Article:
Sometimes I am asked —
“Michael, should I get back with my ex? …”
It is one of the most sensible questions I get, to be honest. It shows the person wishes to contemplate their breakup for a moment, before taking any action which they may later regret.
Some people are bonkers to get back with their ex. But some are bonkers to give up. Knowing which is which is worth finding out.
So start asking if it would be wise to do, first, before asking will my ex come back (and looking into how to do it.)
OK, so first —
No happy relationship ends. No one says “this is working great, so let’s break up and go our separate ways!”
Yet unhappy relationships that end can be made happy. And usually the “end” — the breakup — part provides the springboard for that transformation to happen.
So… sometimes you have to break up to appreciate what you had, even if some parts of the relationship were broke.
But how do you know if what you had was recoverable, and can be made into something better?
It’s not always easy to know.
For one, your emotional state could be distorting your view and judgment making abilities.
The thought of being alone breeds fear which motivates you to try and get back what you’ve lost.
You may also be anxious your ex will move on and find someone else.
So fear of being alone AND left behind. You get the idea. Normal kind of thoughts. We all have them.
Problem is, this makes it difficult for you to be objective about things.
Beware: fear of being alone or left behind do not make for sound reason to pursue your ex.
Isolate your problems: these emotions need addressing separately.
If you mix them all together…
They can make you choose differently than you would otherwise.
If you’re not prepared, it’s easy to lose perspective.
I’ve been there.
And I want to help.
How do you know if the decision you make is “right,” or just one you arrive at out of fear?
OK. Deep breath.
Should I Get Back with My Ex? Answer These Questions to Get Clarity
We have to find a way not to let those fear-based thoughts cloud your judgment.
One effective way to suspend such distracting thoughts, and cut through those emotions .. is to ask yourself direct questions, and answer them immediately.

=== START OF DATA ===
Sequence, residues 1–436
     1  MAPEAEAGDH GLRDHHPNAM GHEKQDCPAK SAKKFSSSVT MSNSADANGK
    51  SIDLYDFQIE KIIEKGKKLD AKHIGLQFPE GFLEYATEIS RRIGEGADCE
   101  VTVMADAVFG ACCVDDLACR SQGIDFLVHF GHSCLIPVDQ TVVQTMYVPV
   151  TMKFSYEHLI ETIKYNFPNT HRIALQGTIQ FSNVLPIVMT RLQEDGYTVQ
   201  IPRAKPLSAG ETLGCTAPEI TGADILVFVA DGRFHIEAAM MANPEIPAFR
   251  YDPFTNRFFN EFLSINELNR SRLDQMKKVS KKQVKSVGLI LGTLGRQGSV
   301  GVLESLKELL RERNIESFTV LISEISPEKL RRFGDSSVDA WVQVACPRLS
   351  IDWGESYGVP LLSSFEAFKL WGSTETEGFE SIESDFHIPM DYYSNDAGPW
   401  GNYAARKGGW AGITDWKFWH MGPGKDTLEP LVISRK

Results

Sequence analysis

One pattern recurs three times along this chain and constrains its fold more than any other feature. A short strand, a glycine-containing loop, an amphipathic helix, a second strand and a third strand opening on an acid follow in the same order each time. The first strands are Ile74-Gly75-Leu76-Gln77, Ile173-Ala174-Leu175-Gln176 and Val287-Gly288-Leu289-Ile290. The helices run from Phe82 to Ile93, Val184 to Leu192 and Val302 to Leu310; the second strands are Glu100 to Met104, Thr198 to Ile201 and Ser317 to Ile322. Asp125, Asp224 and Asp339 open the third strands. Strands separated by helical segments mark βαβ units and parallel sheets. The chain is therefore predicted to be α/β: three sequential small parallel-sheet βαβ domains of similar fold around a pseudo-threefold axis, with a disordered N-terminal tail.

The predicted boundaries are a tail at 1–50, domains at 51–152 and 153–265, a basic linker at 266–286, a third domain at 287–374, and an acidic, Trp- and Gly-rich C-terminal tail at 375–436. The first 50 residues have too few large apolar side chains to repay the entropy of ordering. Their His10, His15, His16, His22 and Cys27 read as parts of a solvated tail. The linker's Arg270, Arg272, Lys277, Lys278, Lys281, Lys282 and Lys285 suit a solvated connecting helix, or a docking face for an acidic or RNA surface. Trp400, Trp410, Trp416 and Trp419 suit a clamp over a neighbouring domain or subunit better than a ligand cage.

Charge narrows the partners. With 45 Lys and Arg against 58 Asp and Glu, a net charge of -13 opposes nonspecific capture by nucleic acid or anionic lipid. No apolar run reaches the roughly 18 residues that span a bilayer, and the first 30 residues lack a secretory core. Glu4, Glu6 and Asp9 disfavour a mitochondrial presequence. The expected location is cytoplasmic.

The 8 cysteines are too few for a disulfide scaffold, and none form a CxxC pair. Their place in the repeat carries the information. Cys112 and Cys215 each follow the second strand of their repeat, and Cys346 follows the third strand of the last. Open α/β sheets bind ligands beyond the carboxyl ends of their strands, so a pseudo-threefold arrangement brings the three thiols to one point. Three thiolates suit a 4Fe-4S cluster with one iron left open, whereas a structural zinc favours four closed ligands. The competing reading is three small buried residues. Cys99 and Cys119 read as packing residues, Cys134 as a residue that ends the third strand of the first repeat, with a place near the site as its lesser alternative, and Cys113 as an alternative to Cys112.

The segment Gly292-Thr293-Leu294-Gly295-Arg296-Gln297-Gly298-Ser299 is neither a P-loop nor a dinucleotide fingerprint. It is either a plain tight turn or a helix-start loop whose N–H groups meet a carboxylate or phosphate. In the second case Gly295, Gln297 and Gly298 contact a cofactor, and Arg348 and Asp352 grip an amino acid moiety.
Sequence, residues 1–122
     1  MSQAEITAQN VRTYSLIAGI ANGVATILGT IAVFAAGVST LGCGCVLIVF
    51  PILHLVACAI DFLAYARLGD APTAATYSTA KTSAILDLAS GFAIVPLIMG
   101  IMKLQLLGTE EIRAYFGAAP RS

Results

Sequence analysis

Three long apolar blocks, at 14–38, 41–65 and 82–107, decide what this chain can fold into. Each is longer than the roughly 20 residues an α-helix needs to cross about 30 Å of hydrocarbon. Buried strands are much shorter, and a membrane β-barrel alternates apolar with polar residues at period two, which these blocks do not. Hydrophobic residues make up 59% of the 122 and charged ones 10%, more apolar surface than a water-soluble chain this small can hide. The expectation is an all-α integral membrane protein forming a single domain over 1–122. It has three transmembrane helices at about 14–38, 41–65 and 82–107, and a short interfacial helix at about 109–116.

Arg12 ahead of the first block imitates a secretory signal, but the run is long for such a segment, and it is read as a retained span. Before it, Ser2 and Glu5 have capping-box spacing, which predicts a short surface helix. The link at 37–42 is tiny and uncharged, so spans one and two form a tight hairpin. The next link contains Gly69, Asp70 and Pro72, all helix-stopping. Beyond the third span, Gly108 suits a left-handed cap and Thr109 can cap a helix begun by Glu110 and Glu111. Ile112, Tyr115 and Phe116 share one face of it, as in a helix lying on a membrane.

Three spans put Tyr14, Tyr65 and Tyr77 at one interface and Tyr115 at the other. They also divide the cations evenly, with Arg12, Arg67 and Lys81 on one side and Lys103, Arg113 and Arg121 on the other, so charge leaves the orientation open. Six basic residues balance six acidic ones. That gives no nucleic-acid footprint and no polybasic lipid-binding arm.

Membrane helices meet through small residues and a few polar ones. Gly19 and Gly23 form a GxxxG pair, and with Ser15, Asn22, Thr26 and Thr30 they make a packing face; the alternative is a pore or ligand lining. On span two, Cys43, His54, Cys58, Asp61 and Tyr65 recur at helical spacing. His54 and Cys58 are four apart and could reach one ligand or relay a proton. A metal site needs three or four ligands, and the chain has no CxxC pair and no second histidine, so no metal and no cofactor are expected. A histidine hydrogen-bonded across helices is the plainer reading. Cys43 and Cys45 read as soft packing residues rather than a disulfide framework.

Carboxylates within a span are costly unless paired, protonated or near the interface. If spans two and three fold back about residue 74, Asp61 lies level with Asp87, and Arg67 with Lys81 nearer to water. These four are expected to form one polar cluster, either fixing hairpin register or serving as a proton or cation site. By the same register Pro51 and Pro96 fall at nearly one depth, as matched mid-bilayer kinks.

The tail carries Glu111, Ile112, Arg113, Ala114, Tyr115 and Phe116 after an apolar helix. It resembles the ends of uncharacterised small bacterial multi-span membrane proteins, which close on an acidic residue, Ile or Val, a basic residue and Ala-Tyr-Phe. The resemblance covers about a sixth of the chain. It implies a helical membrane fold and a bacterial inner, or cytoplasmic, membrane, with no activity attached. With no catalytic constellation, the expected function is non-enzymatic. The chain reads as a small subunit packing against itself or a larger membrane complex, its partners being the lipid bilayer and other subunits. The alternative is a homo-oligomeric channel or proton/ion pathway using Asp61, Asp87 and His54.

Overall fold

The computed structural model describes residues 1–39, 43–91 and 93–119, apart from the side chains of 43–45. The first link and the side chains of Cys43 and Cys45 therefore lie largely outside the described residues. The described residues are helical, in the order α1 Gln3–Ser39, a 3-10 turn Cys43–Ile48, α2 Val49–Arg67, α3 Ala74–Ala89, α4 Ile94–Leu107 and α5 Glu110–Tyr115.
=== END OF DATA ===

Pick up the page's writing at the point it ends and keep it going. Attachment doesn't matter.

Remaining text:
Okay, so I’m about to spring five such questions at you. But don’t fret, they’re simple. You don’t need to write down any answers. This is not a quiz.
The purpose of these questions is to help you get a reading of sorts on whether or not you and your ex are compatible. And therefore, whether or not they are worth pursuing. OK?
Compatibility is an obvious requirement of a healthy relationship. That’s why we’re starting there.
For these questions, answer each with either:
- Yes, very much!
- Somewhat … or:
- No, not at all.
IMPORTANT: Go with your first immediate answer. Don’t sit and chew it over. Just answer in a snap.
This isn’t a time for debate. Just go with the first response you have.
1: Disagreements happen. After you both argued, you would find a resolution together. And could let the issue go as you found a friendly state of acceptance about the matter. Do you agree?
2: Goals. You were both in alignment with each other’s goals in life. You wanted similar things and supported the other in their own goals. Do you agree?
3: Laughter. You shared a similar sense of humor. You would both laugh together, often, and able to take a joke. Do you agree?
4: Sex. You both enjoyed a healthy sex life. It was fulfilling for both of you. Do you agree?
5: Communication. You were both open to one another, and able to share intimate thoughts and feelings. You would frequently show an interest in each other’s life. Do you agree?
Answer with either a YES, sorta, or NO. Nothing more complex than that.